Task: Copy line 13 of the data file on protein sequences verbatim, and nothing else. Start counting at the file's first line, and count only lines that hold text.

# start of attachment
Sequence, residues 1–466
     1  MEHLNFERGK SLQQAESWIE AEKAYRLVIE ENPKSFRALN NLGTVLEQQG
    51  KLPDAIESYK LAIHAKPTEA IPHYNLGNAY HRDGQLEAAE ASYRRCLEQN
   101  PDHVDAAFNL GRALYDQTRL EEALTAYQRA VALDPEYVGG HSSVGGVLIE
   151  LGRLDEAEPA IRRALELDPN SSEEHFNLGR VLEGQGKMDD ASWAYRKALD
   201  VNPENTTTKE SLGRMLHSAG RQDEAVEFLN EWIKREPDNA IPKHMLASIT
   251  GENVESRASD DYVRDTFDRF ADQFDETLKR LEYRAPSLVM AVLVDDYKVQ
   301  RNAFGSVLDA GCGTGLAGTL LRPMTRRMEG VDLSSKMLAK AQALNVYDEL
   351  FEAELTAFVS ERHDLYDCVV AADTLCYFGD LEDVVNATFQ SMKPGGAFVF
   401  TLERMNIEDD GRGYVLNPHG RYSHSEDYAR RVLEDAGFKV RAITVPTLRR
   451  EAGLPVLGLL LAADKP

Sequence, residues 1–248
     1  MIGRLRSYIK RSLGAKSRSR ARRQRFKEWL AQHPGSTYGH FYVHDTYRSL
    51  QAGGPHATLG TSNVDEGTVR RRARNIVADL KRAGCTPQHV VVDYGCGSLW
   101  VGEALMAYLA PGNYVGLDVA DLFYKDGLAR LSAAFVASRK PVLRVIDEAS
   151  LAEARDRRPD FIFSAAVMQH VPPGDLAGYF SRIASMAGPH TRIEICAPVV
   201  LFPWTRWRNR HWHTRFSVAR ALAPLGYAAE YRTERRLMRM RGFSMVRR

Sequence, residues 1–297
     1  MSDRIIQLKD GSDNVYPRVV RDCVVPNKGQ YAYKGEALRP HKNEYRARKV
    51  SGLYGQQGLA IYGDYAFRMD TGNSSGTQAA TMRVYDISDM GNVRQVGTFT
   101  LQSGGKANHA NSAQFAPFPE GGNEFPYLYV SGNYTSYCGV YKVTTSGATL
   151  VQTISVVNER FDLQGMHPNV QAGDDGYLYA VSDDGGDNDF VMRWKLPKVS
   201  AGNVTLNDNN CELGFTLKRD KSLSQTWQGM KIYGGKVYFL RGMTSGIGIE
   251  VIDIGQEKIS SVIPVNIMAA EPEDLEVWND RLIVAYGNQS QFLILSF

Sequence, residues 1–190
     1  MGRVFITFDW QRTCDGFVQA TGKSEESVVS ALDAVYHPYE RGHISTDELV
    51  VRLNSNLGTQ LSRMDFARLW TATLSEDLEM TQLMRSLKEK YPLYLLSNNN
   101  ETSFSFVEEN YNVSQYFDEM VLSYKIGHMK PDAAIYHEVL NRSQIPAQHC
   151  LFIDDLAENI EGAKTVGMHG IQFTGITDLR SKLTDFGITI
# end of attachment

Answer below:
     1  MIGRLRSYIK RSLGAKSRSR ARRQRFKEWL AQHPGSTYGH FYVHDTYRSL